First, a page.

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Invasions of exotic species into new geographic areas sometimes occur naturally and without human agency. However, human actions have increased this trickle to a flood. Human-caused introductions may occur either accidentally as a consequence of human transport, or intentionally but illegally to serve some private purpose or legitimately to procure some hoped-for public benefit by bringing a pest under control, producing new agricultural products or providing novel recreational opportunities. Many introduced species are assimilated into communities without much obvious effect. However, some have been responsible for dramatic changes to native species and natural communities. For example, the accidental introduction of the brown tree snake Boiga irregularis into Guam, an island in the Pacific, has through nest predation reduced 10 endemic forest bird species to the point of extinction. One of the major reasons for the world’s great biodiversity is the occurrence of centers of endemism so that similar habitats in different parts of the world are occupied by different groups of species that happen to have evolved there. If every species naturally had access to everywhere on the globe we might expect a relatively small number of successful species to become dominant in each biome. The extent to which this homogenization can happen naturally is restricted by the limited powers of dispersal of most species in the face of the physical barriers that exist to dispersal. By virtue of the transport opportunities offered by humans, these barriers have been breached by an ever-increasing number of exotic species. The effects of introductions have been to convert a hugely diverse range of local community compositions into something much more homogeneous. It would be wrong, however, to conclude that introducing species to a region will inevitably cause a decline in species richness there. For example, there are numerous species of plants, invertebrates and vertebrates found in continental Europe but absent from the British Isles (many because they have so far failed to recolonize after the last glaciations) Their introduction would be likely to augment British biodiversity The significant detrimental effect noted above arises where aggressive species proved a novel challenge to endemic biotas ill-equipped to deal with them. Why does man introduce exotic species into new geographical areas ? 1. To breed exotic species with local varieties. 2. To increase agricultural productivity 3. For beautification and landscaping. Which of the above statements is/are correct?A 1 onlyB 2 and 3 onlyC 1 and 3 onlyD 1, 2 and 3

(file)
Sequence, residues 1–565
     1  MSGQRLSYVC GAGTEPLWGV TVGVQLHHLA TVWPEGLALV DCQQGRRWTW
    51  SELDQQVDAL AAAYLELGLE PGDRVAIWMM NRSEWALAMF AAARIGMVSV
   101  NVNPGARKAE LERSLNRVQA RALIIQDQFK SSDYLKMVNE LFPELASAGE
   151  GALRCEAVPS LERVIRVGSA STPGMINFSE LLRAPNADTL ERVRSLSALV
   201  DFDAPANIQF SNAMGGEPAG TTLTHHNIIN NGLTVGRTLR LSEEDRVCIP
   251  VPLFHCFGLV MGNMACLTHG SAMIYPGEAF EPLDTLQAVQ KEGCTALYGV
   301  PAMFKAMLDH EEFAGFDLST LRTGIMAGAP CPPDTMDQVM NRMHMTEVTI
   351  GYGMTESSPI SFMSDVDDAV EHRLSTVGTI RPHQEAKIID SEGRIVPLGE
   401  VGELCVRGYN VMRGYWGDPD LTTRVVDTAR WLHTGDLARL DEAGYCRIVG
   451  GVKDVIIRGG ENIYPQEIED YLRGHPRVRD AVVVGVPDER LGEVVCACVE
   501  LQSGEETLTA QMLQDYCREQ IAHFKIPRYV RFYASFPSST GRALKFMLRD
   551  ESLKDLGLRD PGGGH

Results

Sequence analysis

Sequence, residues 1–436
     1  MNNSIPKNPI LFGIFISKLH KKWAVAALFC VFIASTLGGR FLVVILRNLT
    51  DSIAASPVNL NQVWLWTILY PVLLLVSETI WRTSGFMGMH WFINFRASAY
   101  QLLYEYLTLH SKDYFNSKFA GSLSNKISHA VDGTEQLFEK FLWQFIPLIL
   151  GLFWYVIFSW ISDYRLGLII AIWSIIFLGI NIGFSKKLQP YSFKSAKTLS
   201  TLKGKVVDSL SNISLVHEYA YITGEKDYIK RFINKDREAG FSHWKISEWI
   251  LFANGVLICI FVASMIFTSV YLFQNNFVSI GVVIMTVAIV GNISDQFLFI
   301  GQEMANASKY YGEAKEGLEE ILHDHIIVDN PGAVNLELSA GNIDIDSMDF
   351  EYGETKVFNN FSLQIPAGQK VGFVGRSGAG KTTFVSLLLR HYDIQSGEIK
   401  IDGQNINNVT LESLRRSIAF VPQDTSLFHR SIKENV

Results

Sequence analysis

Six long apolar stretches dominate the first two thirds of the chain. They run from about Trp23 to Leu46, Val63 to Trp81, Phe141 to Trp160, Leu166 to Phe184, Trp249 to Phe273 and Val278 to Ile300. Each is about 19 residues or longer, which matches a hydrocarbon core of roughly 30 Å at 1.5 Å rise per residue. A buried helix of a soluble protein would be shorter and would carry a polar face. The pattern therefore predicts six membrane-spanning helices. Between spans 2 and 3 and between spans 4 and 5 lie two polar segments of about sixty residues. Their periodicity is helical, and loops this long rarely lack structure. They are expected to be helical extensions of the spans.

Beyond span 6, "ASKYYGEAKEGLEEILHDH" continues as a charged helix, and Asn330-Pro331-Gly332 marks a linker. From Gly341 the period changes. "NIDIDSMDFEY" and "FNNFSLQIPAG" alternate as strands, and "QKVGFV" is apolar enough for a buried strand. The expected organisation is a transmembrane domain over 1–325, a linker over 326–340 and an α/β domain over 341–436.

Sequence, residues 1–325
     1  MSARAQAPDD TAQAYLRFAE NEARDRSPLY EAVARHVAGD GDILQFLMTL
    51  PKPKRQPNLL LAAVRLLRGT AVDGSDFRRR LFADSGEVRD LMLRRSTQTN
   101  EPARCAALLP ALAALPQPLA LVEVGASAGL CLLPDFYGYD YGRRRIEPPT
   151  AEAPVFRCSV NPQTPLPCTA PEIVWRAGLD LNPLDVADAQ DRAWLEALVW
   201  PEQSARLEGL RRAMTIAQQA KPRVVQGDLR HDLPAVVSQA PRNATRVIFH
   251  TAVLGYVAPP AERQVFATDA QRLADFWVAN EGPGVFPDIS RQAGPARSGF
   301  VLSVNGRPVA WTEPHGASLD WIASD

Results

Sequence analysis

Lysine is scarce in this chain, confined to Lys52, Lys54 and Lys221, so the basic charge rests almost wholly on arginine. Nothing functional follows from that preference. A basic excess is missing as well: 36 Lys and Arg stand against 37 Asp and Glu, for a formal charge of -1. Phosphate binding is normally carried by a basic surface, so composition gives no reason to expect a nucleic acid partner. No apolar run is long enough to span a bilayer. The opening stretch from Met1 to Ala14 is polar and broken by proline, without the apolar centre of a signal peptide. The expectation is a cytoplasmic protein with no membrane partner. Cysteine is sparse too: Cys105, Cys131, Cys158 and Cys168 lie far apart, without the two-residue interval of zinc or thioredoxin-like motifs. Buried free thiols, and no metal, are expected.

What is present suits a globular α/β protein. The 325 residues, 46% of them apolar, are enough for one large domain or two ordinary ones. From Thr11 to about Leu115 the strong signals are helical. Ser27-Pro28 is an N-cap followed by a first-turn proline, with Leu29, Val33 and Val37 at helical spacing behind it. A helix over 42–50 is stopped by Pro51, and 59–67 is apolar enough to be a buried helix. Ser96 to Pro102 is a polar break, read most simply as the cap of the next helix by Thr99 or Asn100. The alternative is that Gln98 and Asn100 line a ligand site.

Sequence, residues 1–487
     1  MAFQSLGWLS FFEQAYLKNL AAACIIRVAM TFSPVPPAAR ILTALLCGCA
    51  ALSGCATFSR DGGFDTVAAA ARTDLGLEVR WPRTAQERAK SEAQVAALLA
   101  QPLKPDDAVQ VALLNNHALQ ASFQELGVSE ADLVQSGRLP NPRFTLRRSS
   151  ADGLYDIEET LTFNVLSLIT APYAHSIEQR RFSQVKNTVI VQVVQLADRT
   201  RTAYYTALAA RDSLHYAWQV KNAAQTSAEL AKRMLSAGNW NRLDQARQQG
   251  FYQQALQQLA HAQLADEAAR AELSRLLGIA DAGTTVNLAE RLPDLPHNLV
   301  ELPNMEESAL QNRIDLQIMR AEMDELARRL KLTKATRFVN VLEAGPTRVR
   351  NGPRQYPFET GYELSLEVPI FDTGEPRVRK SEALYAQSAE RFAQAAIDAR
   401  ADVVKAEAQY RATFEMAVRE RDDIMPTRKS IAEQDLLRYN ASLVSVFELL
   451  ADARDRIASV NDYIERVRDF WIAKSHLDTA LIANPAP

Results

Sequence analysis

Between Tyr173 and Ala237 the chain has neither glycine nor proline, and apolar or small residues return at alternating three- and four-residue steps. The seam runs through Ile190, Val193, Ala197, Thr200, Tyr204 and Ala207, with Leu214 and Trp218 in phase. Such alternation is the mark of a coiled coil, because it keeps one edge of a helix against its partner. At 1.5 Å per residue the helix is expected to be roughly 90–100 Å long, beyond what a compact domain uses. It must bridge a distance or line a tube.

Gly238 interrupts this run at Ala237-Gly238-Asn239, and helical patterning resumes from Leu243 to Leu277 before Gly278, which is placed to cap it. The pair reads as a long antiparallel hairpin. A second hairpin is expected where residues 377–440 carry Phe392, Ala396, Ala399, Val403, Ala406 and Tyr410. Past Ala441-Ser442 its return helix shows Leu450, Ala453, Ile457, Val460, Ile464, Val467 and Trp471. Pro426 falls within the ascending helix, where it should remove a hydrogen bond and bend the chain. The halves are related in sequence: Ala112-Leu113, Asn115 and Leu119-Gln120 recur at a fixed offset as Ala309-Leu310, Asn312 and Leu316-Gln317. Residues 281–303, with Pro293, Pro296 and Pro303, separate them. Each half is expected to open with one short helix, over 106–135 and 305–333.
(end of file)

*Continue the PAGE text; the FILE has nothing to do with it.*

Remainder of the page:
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Invasions of exotic species into new geographic areas sometimes occur naturally and without human agency. However, human actions have increased this trickle to a flood. Human-caused introductions may occur either accidentally as a consequence of human transport, or intentionally but illegally to serve some private purpose or legitimately to procure some hoped-for public benefit by bringing a pest under control, producing new agricultural products or providing novel recreational opportunities. Many introduced species are assimilated into communities without much obvious effect. However, some have been responsible for dramatic changes to native species and natural communities. For example, the accidental introduction of the brown tree snake Boiga irregularis into Guam, an island in the Pacific, has through nest predation reduced 10 endemic forest bird species to the point of extinction. One of the major reasons for the world’s great biodiversity is the occurrence of centers of endemism so that similar habitats in different parts of the world are occupied by different groups of species that happen to have evolved there. If every species naturally had access to everywhere on the globe we might expect a relatively small number of successful species to become dominant in each biome. The extent to which this homogenization can happen naturally is restricted by the limited powers of dispersal of most species in the face of the physical barriers that exist to dispersal. By virtue of the transport opportunities offered by humans, these barriers have been breached by an ever-increasing number of exotic species. The effects of introductions have been to convert a hugely diverse range of local community compositions into something much more homogeneous. It would be wrong, however, to conclude that introducing species to a region will inevitably cause a decline in species richness there. For example, there are numerous species of plants, invertebrates and vertebrates found in continental Europe but absent from the British Isles (many because they have so far failed to recolonize after the last glaciations) Their introduction would be likely to augment British biodiversity The significant detrimental effect noted above arises where aggressive species proved a novel challenge to endemic biotas ill-equipped to deal with them. How is homogenization prevented under natural conditions?A Evolution of groups of species specific to local habitats.B Presence of oceans and mountain ranges.C Strong adaptation of groups of species to local physical and climatic conditions.D All the statements A., B. and C. given above are correct in this context.